The Turvey heroes taking humanitarian aid to Ukraine

Alan, Seb and Rob in the truck. Image: Rob Hammond:Leo Williams
Alan, Seb and Rob in the truck. Image: Rob Hammond:Leo Williams

How do a group of villagers from the small north Bedfordshire village of Turvey end up risking their lives to take aid to Ukraine?

It seems almost unreal, and like the plot of a film, it started in a way you’d never have imagined would lead to a group of friends driving to a warzone thousands of miles away.

It all started with a shared interest in cold war history and an invite to a birthday party.

Rob Hammond, 46, and a couple of local friends had been visiting friends in Ukraine for ten or 15 years.

The friendships came about through an interest in the cold war and the Chernobyl exclusion zone.

They were meant to be going to their Ukrainian friend’s birthday party at the end of February.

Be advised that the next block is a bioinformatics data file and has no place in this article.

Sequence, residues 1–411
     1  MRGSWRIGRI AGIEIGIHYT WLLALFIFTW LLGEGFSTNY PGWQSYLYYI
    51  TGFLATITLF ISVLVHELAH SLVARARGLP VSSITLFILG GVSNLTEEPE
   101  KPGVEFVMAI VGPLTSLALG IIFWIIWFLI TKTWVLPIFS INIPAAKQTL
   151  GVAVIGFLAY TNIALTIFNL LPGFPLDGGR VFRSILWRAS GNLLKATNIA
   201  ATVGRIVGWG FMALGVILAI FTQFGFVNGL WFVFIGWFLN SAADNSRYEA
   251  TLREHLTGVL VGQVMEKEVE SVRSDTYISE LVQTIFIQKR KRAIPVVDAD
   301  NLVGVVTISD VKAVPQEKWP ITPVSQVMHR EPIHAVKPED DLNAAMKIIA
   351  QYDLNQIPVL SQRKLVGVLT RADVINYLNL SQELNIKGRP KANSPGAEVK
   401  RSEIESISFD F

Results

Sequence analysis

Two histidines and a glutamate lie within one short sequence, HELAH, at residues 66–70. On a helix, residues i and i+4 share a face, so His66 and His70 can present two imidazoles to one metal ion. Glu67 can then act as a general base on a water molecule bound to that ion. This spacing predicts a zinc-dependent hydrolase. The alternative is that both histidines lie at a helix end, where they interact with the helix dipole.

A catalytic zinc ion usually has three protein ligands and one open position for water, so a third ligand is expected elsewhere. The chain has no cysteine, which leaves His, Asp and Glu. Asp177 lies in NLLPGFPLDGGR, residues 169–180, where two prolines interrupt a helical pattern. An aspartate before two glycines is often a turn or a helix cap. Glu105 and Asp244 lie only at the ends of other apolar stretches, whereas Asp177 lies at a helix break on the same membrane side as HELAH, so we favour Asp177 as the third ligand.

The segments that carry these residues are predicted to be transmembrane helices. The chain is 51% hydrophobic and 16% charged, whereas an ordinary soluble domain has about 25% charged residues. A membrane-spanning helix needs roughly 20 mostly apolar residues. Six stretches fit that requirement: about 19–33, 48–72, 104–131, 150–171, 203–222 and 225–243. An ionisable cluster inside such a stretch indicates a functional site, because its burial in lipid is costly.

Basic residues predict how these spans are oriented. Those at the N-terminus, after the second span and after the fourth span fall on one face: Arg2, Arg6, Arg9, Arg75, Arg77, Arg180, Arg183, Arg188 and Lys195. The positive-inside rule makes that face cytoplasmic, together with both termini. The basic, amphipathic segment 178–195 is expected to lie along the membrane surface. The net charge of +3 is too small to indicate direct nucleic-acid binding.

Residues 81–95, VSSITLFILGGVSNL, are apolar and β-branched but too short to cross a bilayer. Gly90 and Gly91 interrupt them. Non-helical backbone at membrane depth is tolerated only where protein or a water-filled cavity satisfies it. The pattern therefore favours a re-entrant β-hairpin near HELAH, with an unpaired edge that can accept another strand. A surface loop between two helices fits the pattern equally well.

Then Russia invaded.

“I think the invasion started on the Wednesday or the Thursday and we were meant to be there for the weekend,” said Rob.

Initially, his friend believed nothing would come of the invasion. The following morning, they didn’t hear from him.

He’d left his home with his family. They were making their way to Moldova.

Rob’s initial idea was to throw some eggs at the Russian embassy (he didn’t). Instead, he and friend Leo Williams, 21, “decided to do something a bit more productive”.

So, they bought a 7.5 tonne DAF truck with funding from the IT company they work for, Conquest Wildman Ltd.

The plan was to kit it out with supplies to take over at the end of the war to help rebuild things. It soon became apparent the Ukrainians needed help now.

Rob hit Facebook, spoke to a few friends and “had a rally round at work”.

An email was sent to customers of Conquest Wildman in Wilden, Rob is a computer engineer there, and “before we knew it we’d raised about £5,000,” he said.

Stopping traffic on the Ukraine/Poland border. Image: Rob Hammond/Leo Williams

Rob massively credits the fundraising efforts of his friends in Turvey, notably Gemma Williams, 43, Tanya James, and staff and customers at the village’s two pubs, The Three Cranes and the Three Fishes.